Berlusconi says he wouldn’t have sent police to block Catalan vote

Silvio Berlusconi says he would have responded differently to the Catalonia crisis than Spanish PM Mariano Rajoy, backing a "legally controlled" referendum to resolve the situation.

Berlusconi says he wouldn't have sent police to block Catalan vote
Silvio Berlusconi speaking to journalists in Brussels. Photo: John Thys/AFP

Speaking in Brussels at a meeting of the European People's Party (EPP), which both his Forza Italia and Rajoy's PP are members of, former Italy PM Berlusconi told journalists:

“Compared to Rajoy, I would not have sent in the Guardia Civil to stop the Catalans voting”.

Spain's Guardia Civil have been criticised by some for being heavy-handed in attempting to block Catalans from taking part in the October 1st plebiscite deemed unconstitutional by courts, with NGO Human Rights Watch concluding they used excessive force in several instances.

READ ALSO: Spanish police used excessive force in Catalonia, Human Rights Watch says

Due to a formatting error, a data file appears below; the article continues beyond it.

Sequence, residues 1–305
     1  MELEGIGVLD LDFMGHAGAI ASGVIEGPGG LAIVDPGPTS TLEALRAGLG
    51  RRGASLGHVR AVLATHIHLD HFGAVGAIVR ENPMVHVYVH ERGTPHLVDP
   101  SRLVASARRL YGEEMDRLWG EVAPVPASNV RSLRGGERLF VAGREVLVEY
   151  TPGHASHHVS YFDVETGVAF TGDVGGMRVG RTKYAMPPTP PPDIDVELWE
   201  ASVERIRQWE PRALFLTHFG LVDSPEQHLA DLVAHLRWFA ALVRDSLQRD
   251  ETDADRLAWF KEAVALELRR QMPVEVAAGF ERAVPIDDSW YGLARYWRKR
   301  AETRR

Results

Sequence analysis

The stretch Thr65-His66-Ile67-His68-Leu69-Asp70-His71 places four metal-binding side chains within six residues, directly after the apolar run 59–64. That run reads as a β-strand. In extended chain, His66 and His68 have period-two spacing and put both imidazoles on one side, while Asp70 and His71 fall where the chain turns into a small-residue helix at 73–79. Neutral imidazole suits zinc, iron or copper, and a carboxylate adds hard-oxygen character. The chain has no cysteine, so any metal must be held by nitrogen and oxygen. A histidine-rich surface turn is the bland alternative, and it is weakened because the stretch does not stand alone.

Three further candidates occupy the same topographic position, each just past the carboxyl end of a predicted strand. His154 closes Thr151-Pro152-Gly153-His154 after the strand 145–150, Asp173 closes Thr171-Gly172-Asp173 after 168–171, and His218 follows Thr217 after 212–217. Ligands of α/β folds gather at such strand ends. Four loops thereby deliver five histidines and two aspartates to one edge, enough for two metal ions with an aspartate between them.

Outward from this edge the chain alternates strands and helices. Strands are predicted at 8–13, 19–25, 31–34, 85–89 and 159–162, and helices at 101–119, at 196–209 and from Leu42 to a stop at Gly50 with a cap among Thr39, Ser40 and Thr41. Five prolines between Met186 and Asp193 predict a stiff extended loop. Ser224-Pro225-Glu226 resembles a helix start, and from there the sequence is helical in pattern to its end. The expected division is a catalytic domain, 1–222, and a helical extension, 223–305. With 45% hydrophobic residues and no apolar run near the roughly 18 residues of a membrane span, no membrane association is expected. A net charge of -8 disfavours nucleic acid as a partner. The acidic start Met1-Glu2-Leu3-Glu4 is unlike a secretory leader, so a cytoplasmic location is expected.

The 81-year-old Italian politician also said the solution to the conflict in Spain is “dialogue” and a legally binding referendum.

“Right now it looks like we're in a time of escalating conflict – there's a deadline that ended today. I believe in dialogue followed by a legally controlled referendum, with the participation in the vote of all of the Catalans who want to remain in Spain,” he noted.

Such a referendum would have to have “constitutional legitimacy”, he added.

On Thursday the Spanish government said it will push ahead to invoke article 155 of the country's constitution and suspend Catalonia’s autonomy, following a letter from the region’s president Carles Puigdemont in which he threatened to formally vote through a suspended independence declaration if Madrid “persists in impeding dialogue”.